Teacher finds encouragement after returning for degree later in life
PLAINVIEW – Wayland Baptist University has long considered itself an open door to students who may not fit the traditional mold. While the Plainview campus is home to many who are just out of high school, more and more of WBU’s students are returning after years away and finding a place to seek dreams they have put on hold.
In Sandee Hancock’s case, the dream wasn’t too far from her reach once she made up her mind. Approaching 50, Hancock recently started her third year as a world geography teacher at Ash Sixth Grade in Plainview after receiving her Bachelor of Science in Interdisciplinary Studies in April 2006.
But not too long ago, Hancock might have never imagined that dream be a reality. Raised in Plainview, single mom Sandee worked for an area gin, marketing grain and cotton. The long hours and stress began to take their toll, and Hancock realized soon she had to make a change.
“I always knew I wanted to work with kids. I had been a PE aide years before and had so much fun,” she recalled. “I decided I had to do something different with my life because I just wasn’t happy.”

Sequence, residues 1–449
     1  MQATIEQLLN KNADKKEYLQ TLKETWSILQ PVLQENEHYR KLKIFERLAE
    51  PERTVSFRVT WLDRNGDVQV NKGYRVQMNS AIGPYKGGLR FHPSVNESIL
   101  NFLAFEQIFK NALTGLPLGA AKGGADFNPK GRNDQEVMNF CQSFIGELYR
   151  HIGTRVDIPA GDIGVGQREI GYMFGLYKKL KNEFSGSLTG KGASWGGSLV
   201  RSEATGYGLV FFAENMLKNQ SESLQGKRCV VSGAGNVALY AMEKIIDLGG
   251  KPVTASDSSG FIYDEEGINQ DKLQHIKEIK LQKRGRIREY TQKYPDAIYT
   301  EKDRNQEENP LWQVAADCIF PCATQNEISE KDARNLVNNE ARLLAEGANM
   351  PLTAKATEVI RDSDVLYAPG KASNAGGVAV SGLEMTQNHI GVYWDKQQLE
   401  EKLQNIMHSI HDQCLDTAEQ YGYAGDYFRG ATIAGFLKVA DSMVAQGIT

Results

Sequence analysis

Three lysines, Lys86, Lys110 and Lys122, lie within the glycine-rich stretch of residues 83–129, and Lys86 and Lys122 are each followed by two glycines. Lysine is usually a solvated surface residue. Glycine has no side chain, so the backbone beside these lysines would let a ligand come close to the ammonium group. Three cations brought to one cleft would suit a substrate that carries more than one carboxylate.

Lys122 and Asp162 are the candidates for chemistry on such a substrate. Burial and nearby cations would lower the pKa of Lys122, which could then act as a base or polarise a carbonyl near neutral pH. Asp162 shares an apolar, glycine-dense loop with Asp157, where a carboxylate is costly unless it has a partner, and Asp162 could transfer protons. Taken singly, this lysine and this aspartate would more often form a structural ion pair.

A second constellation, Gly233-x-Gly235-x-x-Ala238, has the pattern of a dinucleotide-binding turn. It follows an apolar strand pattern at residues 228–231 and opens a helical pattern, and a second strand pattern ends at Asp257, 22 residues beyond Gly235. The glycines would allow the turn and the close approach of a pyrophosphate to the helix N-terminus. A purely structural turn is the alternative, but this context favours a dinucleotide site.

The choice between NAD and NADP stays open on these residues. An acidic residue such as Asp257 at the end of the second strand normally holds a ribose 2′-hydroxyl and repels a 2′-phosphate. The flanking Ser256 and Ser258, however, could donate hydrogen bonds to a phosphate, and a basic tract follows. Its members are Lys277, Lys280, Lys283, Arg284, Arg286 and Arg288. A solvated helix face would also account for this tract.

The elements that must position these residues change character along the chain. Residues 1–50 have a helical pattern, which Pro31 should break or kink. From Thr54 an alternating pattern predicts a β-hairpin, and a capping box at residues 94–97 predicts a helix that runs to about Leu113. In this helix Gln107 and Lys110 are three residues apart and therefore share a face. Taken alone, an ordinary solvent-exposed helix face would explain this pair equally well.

She moved to Lockney and began commuting to her job at the gin and was enrolled full-time at Wayland, completing homework at the office when work slowed down. Finally, a job opened up in the University Bookstore, and she was able to work on campus and cut out the job commute. During the summer, she worked in the fields to make ends meet.
The juggling act was rough, but Hancock said keeping her end goal in sight made it possible. Along the way, she overcame several misconceptions.
“I knew teaching was the right route for me. I knew exactly what I wanted to do but didn’t think I could do college work; I wasn’t sure I could make the grades,” she said. “I also didn’t think I could afford school, and I thought I might not be accepted by the younger students. But I fit right in with these kids; nobody ever treated me differently.”
Hancock stresses that the Wayland environment aided in her success.
“I probably wouldn’t have been able to do it at any other school,” she said. “There’s something about the people and the personal touch at Wayland. I knew I could go talk to my professors, and they were so supportive.”
Hancock knows she’s in her element now, with a chance to impact the lives of young people at a very impressionable age. With memories of her own school experience not far from her mind, she focuses on encouraging her charges.
“It’s important for every student to believe they can do anything they want to do. A lot come in here without any confidence, and they leave my room thinking they are the best. I want them to become excellent citizens here,” she said. “This is where I belong. It’ll be a long time before I retire. I just enjoy it so much.”